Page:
The Jenin camp was established in 1953, within the municipal boundaries of Jenin.
It currently sits on 0.42 square kilometres. Most of the camp‘s residents came from the Carmel region of Haifa and the Carmel mountains. Due to the camp’s close proximity to the refugees’ original villages, many of the refugees still maintain close ties with their relatives inside the Green Line.
Many of the camp’s residents work in the agricultural sector around Jenin. Like other West Bank camps, it was established on land UNRWA leased from the government of Jordan.
All shelters are connected to public water and electricity infrastructure, and nearly all are connected to the municipal sewerage network.
The camp came under Palestinian control in the mid-1990s but was the subject of intensive violence during the second intifada. The Israeli army entered the city and camp of Jenin in April 2002, declared them a closed military area, prevented all access, and imposed a round-the-clock curfew.
Fighting inside the camp lasted 10 days during which the Israeli army prevented ambulances, medical personnel and humanitarian workers from entering the camp. Clashes led to the deaths of at least 52 Palestinians, of whom up to half may have been civilians, and 23 Israeli soldiers. Many more were injured.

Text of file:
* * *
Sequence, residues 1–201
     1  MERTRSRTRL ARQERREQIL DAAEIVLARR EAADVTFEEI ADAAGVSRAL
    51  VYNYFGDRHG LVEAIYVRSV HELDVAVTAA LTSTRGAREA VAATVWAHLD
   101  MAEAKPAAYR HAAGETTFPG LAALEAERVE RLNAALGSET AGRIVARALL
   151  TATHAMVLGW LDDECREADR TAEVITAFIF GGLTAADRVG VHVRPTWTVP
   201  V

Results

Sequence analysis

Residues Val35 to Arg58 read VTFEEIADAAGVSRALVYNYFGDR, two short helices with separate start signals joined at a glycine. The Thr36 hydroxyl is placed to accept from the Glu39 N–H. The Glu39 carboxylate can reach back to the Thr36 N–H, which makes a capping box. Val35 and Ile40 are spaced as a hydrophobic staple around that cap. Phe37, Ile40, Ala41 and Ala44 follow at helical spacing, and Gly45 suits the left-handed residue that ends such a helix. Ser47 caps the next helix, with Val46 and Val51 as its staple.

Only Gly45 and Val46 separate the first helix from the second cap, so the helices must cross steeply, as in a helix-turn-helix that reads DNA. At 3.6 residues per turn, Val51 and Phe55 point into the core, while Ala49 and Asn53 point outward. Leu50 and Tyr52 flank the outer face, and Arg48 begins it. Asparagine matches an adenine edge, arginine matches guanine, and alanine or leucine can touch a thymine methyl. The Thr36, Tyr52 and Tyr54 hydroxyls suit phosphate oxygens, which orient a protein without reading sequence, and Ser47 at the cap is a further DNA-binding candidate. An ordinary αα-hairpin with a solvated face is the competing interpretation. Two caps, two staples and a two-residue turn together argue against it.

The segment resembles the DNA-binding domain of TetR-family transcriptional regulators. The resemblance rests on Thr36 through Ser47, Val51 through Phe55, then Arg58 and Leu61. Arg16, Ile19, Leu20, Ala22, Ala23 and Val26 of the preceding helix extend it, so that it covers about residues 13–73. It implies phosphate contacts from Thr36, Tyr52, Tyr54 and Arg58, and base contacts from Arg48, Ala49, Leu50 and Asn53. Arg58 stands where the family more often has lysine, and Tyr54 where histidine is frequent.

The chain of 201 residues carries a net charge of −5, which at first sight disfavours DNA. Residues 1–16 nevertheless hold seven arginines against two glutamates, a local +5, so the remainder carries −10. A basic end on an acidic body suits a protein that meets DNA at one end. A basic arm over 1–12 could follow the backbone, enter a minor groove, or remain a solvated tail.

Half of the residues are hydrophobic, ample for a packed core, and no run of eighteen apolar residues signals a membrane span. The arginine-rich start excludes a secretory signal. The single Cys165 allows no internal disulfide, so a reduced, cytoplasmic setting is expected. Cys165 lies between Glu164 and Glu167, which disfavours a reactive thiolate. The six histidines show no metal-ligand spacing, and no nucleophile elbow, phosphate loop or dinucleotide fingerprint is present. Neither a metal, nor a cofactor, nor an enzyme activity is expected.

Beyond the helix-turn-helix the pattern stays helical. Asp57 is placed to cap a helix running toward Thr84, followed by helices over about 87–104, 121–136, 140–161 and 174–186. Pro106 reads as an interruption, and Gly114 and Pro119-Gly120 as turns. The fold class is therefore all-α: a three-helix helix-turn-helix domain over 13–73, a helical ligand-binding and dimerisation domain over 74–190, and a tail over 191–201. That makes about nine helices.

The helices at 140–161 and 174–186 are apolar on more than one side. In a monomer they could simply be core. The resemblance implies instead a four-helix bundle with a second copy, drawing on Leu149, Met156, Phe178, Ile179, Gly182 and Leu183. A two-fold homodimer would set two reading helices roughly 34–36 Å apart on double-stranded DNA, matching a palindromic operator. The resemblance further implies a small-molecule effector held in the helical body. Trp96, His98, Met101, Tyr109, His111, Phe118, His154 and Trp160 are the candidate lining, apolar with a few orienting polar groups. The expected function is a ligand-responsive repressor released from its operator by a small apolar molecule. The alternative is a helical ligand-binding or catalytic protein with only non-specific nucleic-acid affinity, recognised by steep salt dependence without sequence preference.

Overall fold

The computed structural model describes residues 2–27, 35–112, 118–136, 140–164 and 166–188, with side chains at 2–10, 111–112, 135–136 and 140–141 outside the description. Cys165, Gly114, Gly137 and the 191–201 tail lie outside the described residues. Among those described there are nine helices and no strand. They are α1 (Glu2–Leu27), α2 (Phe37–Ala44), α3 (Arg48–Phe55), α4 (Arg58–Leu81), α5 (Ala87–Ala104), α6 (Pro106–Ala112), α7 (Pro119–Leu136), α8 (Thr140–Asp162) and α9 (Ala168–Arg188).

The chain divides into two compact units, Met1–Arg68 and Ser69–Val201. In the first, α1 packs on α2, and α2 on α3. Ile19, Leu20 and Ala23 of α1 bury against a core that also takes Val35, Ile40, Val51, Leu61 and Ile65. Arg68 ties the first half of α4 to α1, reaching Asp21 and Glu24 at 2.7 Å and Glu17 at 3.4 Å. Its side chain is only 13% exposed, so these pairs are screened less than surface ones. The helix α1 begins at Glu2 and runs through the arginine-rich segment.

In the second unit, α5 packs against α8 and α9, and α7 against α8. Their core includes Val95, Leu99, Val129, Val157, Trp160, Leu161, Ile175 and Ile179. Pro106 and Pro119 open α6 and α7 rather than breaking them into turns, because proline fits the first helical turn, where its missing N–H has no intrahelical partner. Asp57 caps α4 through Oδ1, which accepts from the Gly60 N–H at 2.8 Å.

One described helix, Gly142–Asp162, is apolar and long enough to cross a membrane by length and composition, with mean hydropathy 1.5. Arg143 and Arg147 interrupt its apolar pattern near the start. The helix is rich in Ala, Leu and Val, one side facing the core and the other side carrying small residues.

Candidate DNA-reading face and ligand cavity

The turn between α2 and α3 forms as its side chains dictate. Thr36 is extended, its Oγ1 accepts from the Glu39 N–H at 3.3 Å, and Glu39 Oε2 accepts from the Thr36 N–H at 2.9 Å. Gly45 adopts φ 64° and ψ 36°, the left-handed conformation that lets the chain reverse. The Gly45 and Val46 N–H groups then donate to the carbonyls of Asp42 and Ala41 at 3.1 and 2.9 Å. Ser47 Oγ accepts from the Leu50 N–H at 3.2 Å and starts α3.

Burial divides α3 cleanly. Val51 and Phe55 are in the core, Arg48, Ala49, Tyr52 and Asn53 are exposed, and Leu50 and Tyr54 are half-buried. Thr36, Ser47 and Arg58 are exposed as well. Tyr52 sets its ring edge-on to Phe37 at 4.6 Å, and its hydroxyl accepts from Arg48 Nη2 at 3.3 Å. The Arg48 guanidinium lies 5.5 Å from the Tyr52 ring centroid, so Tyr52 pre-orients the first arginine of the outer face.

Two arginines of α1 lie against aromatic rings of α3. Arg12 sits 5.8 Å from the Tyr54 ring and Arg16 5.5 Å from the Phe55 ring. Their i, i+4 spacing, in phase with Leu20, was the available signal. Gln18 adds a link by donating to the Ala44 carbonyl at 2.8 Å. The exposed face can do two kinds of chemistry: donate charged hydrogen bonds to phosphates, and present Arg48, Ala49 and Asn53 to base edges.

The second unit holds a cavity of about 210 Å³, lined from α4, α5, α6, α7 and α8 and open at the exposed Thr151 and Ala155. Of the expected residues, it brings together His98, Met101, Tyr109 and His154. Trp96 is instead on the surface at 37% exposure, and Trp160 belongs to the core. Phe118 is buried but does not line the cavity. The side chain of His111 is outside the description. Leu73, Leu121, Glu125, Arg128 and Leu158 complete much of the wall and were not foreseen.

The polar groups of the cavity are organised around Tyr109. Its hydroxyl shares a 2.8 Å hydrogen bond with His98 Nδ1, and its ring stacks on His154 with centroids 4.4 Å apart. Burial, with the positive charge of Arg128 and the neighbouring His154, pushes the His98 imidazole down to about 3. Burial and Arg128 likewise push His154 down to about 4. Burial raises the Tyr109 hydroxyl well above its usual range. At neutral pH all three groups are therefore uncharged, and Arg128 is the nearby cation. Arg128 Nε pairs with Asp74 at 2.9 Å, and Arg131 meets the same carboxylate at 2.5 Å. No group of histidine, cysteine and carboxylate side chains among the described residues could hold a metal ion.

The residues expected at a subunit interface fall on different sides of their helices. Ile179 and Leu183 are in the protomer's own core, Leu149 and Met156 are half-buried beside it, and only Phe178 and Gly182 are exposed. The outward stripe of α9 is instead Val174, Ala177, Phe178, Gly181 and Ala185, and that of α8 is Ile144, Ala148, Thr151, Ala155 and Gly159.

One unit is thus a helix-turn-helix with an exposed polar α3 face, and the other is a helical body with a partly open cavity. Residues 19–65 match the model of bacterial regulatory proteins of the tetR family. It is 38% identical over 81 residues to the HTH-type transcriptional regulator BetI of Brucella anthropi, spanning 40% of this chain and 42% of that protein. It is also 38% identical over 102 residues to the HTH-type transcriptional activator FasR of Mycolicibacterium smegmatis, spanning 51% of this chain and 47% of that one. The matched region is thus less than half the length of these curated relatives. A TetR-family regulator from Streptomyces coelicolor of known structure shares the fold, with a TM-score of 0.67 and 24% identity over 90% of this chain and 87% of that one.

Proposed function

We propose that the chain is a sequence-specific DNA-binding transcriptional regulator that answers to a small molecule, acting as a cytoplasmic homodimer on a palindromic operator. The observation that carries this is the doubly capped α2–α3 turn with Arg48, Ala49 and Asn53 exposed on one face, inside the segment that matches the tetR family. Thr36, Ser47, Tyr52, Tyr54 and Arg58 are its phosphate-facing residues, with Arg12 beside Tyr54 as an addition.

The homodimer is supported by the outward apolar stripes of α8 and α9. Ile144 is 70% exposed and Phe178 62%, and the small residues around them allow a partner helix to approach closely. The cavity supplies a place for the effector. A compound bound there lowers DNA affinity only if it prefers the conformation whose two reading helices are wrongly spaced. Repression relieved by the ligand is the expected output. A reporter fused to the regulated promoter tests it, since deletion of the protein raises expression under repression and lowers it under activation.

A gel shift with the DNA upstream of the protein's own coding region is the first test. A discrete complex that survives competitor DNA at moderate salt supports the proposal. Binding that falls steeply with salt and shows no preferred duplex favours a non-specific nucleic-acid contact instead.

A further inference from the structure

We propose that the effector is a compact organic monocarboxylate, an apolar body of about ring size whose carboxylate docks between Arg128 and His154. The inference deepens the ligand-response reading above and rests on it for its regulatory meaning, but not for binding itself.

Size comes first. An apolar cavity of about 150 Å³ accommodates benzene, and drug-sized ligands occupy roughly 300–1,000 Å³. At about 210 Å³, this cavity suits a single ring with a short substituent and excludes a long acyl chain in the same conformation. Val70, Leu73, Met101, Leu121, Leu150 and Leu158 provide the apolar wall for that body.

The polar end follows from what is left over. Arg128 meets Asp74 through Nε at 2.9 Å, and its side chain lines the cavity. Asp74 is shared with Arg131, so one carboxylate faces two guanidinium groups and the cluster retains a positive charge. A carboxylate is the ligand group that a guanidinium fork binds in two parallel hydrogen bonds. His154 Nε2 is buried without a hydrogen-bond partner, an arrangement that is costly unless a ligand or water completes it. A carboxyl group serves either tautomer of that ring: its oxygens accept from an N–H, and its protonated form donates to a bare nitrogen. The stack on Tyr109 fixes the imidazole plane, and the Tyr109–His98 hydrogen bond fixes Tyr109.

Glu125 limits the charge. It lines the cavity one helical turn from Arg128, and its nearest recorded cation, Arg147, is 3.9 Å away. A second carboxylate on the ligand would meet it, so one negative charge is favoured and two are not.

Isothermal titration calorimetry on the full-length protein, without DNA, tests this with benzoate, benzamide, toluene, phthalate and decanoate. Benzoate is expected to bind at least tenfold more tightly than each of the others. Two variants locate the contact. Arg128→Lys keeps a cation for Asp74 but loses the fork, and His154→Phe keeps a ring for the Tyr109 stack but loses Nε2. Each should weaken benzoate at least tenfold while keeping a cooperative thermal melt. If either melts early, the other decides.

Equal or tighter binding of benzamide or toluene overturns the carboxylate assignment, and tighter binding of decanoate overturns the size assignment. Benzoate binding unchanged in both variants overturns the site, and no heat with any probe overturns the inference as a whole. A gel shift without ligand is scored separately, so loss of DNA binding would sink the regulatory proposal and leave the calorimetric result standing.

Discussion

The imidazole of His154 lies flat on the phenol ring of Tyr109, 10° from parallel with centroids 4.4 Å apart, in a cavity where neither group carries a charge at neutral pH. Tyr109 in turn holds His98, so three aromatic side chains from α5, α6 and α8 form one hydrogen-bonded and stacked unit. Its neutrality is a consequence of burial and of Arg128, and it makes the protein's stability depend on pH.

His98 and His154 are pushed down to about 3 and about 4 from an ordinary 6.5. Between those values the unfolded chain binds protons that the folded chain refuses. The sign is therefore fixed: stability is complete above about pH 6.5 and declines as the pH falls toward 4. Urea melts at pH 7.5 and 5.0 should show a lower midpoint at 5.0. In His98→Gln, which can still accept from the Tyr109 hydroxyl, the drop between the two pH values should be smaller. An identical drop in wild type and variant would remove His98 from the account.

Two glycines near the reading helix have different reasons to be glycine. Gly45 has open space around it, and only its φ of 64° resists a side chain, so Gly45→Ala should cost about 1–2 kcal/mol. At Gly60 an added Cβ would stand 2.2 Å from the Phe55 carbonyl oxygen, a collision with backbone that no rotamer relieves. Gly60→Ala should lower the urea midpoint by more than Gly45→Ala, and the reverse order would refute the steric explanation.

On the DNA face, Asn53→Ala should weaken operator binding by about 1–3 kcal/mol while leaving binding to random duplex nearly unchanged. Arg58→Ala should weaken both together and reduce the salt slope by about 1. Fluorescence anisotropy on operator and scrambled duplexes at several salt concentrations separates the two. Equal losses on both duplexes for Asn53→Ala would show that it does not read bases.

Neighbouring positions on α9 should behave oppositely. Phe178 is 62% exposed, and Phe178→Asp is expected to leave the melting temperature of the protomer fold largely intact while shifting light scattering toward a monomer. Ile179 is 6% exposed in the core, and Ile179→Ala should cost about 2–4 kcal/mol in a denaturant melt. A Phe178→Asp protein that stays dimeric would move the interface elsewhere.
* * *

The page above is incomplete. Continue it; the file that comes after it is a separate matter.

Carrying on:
Approximately 150 buildings were destroyed and many others were rendered structurally unsound. Around 435 families were left homeless. Even as plans were launched to rebuild the camp and the United Arab Emirates donated land to expand the camp, there were serious obstacles to reconstruction, including regular military incursions, repeated curfews, Israeli closures and Palestinian armed groups’ threats to the project team’s security. The project’s manager, Iain Hook, was shot and killed by an Israeli sniper while in the UNRWA compound in the camp in November 2002.
Around a quarter of residents are unemployed, affected by reduced demand and increased debts.